Faculty Publications and Other Works -- Mathematics

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Frontiers in Neurorobotics

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As part of the extended evolutionary synthesis, there has recently been a new emphasis on the effects of biological development on genetic inheritance and variation. The exciting new directions taken by those in the community have by a pre-history filled with related ideas that were never given a rigorous foundation or combined coherently. Part of the historical background of the extended synthesis is the work of James Mark Baldwin on his so-called “Baldwin Effect.” Many variant re-interpretations of his work obscure the original meaning of the Baldwin Effect. This paper emphasizes a new approach to the Baldwin Effect, focusing on his work in developmental psychology and how that would impact evolution. We propose a novel population genetics model of the Baldwin Effect. First, the impact of a kind of learning process motivated by motor babbling, in the developmental psychology literature, on evolution; second, that Information-theoretic phenotype reshaping speeds up evolution compared to populations without this kind of learning. The basic idea behind the model is to allow the organism to apply abstraction to his initial phenotype to situate it within one of a few different classes of phenotypes in the local neighborhood of a fitness maximum. The reshaping of the phenotype space thereby allows the organism to reach a nearby fitness maximum. By so doing, valleys in the fitness landscape are leveled out, making a rugged fitness landscape into a set of mesas and plateaus with increasing height. Using this model we can show the first sizeable speed-up for the Baldwin Effect compared to ordinary population genetics. We also introduce an information-theoretic foundation for the Baldwin Effect, which may be of independent interest.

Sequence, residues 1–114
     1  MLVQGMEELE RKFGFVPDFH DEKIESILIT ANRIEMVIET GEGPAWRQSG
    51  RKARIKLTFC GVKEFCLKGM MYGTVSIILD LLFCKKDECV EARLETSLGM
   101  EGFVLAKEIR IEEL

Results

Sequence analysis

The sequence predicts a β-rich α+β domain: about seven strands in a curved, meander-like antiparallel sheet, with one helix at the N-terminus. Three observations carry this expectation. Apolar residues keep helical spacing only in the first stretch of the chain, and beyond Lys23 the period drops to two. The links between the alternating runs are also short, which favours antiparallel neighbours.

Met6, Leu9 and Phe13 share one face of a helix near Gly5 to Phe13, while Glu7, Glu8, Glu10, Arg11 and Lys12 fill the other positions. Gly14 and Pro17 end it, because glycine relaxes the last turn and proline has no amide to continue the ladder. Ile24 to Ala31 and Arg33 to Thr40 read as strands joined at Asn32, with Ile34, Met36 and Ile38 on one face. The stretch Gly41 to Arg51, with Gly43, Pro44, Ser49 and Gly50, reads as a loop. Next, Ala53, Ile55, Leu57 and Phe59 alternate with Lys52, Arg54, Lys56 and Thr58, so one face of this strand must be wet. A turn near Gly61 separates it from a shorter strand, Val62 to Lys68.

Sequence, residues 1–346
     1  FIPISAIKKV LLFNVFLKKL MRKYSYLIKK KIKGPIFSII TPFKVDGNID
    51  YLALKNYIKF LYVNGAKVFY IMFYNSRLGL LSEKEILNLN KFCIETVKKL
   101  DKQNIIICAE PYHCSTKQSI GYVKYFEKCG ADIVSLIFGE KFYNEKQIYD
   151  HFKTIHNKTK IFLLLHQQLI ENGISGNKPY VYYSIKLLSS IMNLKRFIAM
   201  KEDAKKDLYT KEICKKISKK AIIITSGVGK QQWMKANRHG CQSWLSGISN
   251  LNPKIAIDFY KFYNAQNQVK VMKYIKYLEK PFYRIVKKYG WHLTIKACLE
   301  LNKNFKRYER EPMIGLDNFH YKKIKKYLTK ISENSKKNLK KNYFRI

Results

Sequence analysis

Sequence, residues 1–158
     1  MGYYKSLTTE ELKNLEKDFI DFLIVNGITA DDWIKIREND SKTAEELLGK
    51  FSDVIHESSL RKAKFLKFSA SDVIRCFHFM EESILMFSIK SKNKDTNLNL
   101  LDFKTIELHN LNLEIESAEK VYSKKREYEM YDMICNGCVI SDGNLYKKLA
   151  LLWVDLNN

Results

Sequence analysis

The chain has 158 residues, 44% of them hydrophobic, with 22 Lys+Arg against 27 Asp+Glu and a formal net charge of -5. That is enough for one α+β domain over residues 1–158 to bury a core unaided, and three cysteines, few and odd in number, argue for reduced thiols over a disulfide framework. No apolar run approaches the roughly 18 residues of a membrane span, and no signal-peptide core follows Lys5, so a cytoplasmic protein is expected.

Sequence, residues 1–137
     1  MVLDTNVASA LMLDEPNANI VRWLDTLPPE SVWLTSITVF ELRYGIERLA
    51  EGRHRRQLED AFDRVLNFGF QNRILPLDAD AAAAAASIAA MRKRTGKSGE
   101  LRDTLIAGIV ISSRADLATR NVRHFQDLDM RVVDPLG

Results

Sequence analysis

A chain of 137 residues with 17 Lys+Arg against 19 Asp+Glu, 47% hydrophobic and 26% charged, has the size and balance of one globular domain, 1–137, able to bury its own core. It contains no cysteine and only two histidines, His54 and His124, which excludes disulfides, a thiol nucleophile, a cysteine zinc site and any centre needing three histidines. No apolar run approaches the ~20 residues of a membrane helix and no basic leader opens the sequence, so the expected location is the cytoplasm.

This article was published openly thanks to the University of Tennessee Open Publishing Support Fund.

Licensed under a Creative Commons Attribution 4.0 International license.

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